NASS will analyze the survey information and publish the results in a series of USDA reports, including the annual Small Grains Summary and quarterly Grain Stocks reports, both to be released September 30, 2019. Survey data also contribute to NASS’s monthly and annual Crop Production reports, and the USDA’s World Agricultural Outlook Board’s monthly World Agricultural Supply and Demand Estimates (WASDE).
General computer usage and internet access categories increased from 2017 to 2019 in the United States. Nationally, 75 percent of farms reported having access to the internet, while 83 percent of farms in New York reported having access to the internet. Farms that used a desktop or laptop computer to conduct farm business was down 4 percent from 2017 in New York. While nearly 60 percent of the farms in New York used a smart phone or tablet to conduct farm business, equal to that in 2017. Notably, the percentage of farms with internet access in 2019 was 81, down from 83 in 2017.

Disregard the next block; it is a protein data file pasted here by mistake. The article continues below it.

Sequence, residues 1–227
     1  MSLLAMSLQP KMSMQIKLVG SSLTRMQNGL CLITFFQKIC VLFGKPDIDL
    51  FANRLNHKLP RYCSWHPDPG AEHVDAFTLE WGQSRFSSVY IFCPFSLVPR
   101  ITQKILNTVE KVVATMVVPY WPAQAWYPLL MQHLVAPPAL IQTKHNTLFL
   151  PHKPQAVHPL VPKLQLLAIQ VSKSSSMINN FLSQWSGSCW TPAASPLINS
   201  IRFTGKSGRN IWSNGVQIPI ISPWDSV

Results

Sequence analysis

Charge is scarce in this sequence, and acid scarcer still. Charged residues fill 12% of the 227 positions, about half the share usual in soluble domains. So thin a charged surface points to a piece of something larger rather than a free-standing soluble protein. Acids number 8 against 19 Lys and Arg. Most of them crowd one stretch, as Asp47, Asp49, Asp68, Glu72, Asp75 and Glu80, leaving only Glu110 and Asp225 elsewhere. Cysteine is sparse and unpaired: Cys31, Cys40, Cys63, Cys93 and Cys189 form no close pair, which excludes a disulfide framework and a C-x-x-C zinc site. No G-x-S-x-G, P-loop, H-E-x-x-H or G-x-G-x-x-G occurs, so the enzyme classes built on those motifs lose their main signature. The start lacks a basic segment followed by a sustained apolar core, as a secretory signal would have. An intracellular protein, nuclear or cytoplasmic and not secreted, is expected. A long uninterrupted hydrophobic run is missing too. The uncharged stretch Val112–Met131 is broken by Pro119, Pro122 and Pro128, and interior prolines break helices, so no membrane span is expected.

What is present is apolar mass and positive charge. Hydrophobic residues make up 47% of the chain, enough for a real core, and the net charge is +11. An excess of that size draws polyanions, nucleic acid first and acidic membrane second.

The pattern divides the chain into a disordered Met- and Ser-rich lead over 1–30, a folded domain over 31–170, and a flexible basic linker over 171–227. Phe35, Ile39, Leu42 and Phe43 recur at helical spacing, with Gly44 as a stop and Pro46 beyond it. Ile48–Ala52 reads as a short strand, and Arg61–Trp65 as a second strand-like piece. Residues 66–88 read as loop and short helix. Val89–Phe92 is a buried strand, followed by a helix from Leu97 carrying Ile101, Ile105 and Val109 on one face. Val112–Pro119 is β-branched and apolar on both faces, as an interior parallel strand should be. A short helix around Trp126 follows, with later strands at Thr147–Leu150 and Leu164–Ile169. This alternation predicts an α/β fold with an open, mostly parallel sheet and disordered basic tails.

In 2019, 21 percent of N.Y. farms used satellite, significantly up from 8 percent in 2017, and 25 percent of farms used a Digital Subscriber Line (DSL) to access the internet. Since 2017, Satellite and DSL continue to be the most popular choices that United States farms use to access the internet. While mobile access has also seen an increase since 2017, up 3 percent.
Cornell University, with support from Sustainable, Agriculture, Research, and Education (SARE), is conducting a survey for all fruit, vegetable, field crop, grain, and mixed crop-livestock producers in New York, Pennsylvania, Maryland, and Vermont to identify the biggest challenges that farmers face, as well as the best solutions in regards to cover crop incentive programs. You do not need to have experience with cover crops to participate.
Our goal is to understand what the most important factors are for farm owners and managers when deciding whether or not to use incentive programs. Notably, the survey also provides an opportunity to share your experience managing issues related to cover crops and incentive program requirements.